“It doesn’t mean that when the ink is dried on the last check that the department has been cured,” he said, while adding that he was pleased at the litigation’s resolution. He said he eagerly awaited the findings of Rice’s independent panel.
Attorney Gregory Yates, who won nearly $20 million in settlements for his clients in Rampart-related cases, said he was disappointed that none of the major lawsuits went to trial in front of a jury.
A trial, he said, “would have exposed how massive and widespread the corruption was.”
He called the settlements part of the city attorney’s strategy to “sweep this under the rug.”
The city dragged the cases on for so long that many of his clients were “worn down” and simply settled to get the matters resolved, Yates said.
“The net result is the city got these settlements without letting the truth come out,” he said. “That’s the bottom line.”
His disappointment was shared by others.
“For the victims and the city, it’s a good thing to have it resolved,” said Duke University law professor Erwin Chemerinsky, who has studied the Rampart scandal. “But there is also a loss here that we didn’t learn things that we might have, had we had a trial.”
Rice called it smart to settle from both the city’s and the plaintiffs’ perspective. City officials do not want the publicity that would accompany a trial, she said, and the victims probably realize that public outrage over the scandal has dissipated.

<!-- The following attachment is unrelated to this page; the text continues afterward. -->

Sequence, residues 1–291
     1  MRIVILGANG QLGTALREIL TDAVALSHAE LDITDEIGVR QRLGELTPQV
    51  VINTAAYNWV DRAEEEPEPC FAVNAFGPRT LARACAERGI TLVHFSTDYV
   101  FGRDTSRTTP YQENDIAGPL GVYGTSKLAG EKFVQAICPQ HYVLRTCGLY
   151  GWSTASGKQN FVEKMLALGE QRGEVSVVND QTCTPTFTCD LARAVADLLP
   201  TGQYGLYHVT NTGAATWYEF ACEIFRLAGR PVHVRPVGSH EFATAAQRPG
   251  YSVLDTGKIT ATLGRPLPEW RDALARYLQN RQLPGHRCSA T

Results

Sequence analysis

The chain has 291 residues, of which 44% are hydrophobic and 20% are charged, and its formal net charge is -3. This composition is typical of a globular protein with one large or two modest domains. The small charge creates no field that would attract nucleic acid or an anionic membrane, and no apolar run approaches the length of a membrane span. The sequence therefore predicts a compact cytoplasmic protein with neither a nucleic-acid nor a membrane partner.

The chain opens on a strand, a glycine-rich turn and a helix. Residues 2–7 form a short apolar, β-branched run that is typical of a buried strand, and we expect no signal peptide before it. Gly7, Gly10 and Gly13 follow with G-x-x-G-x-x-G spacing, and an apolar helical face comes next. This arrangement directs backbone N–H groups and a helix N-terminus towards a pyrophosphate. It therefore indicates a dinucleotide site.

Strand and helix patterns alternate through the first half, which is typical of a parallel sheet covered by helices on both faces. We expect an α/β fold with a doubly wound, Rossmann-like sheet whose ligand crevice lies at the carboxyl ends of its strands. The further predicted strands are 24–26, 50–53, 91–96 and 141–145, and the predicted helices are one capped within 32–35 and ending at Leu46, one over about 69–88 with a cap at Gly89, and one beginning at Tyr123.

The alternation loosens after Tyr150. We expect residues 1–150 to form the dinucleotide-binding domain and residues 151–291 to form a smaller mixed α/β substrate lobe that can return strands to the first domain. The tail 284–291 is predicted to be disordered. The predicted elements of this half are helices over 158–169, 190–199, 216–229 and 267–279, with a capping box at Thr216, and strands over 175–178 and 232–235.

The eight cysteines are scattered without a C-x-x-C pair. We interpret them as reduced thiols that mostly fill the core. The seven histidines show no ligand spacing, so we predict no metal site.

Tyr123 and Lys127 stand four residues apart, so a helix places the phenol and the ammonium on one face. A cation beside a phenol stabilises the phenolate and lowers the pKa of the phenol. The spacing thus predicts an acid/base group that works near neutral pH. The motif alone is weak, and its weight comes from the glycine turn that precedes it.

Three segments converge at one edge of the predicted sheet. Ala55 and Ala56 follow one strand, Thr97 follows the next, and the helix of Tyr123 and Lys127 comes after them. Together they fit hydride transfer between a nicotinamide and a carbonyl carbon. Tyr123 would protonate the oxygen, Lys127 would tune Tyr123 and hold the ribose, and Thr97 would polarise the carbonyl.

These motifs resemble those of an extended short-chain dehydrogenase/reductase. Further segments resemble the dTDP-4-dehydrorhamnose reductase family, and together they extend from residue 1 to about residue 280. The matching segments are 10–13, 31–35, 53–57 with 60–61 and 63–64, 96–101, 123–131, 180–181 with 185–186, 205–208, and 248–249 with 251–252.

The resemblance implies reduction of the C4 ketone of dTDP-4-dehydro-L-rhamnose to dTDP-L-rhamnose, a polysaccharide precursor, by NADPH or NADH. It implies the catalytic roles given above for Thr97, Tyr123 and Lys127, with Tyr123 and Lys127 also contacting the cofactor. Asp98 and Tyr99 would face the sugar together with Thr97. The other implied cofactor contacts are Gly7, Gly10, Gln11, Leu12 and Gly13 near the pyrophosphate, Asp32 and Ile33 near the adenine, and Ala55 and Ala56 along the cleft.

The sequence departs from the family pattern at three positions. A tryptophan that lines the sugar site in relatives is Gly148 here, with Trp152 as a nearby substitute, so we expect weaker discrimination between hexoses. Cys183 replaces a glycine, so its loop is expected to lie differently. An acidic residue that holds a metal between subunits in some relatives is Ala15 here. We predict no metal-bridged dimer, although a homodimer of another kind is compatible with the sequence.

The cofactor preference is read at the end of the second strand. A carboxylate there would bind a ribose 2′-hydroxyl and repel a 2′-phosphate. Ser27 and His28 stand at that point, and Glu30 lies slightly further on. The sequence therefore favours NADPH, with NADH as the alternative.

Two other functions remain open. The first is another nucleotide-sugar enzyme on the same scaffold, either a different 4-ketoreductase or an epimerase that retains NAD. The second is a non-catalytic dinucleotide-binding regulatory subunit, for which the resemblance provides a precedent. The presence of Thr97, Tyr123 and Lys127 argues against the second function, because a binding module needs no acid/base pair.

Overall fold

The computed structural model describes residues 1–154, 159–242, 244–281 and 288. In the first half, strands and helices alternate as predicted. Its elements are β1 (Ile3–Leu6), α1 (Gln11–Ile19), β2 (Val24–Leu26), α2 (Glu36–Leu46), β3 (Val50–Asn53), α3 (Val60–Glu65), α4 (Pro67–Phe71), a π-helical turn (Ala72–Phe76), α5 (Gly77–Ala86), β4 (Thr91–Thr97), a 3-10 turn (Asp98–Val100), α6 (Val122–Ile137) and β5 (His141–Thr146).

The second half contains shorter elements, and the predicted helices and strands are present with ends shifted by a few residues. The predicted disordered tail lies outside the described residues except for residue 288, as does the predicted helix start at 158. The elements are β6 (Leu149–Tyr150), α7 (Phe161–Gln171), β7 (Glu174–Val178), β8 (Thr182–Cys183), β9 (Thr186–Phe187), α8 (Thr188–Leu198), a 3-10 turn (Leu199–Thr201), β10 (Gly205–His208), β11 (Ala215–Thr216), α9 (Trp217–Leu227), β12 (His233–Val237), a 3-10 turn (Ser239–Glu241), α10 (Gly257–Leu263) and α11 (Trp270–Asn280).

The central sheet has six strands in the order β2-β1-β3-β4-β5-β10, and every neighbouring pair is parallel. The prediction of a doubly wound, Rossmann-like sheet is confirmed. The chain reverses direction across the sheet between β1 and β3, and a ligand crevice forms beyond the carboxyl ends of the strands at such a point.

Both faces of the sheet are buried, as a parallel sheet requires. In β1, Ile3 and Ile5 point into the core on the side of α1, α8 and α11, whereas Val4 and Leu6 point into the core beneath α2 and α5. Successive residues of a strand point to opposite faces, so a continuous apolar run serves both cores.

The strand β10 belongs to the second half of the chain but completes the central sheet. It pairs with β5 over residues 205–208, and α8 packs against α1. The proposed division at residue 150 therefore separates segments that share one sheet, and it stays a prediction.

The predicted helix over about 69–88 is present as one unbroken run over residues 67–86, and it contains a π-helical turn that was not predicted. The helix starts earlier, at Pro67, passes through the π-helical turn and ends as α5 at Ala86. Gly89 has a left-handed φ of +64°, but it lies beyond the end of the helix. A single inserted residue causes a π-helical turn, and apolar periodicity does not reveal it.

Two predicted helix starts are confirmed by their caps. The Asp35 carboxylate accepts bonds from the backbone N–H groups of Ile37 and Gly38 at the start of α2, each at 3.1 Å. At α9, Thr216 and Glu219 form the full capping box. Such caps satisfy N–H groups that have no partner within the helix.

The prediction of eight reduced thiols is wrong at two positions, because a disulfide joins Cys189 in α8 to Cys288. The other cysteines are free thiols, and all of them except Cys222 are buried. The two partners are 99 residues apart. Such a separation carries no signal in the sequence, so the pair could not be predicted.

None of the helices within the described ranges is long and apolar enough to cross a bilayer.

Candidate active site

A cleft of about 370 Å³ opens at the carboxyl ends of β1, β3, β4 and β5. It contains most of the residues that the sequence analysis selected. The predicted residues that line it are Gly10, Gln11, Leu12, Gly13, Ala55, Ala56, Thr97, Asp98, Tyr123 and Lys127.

“It’s a gamble for both sides to go forward,” she said.
She also believes that trials might have shed more light on the corruption.
“What’s stunning to me is how little the city really knows about Rampart,” she said. “How far did it go? Did it spread to other divisions?”
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Rampart, by the numbers
Former Officer Rafael A. Perez, prosecuted for stealing cocaine from an evidence locker, turned informant in 1999 and implicated others from the LAPD’s Rampart Division in abuse. Alleged victims of the police filed hundreds of claims and lawsuits against the city. All but eight cases have been resolved.
214 claims resolved*
3 on appeal
Lessons learned, according to the city attorney’s analysis:
* Improve tracking of complaints against officers.
* Investigate all uses of force.
* Bolster civilian oversight of LAPD.
* Increase supervisor-to-officer ratios.
* Improve screening and training of officers.
Source: Los Angeles city attorney
Los Angeles Times
* Some cases involve more than one plaintiff.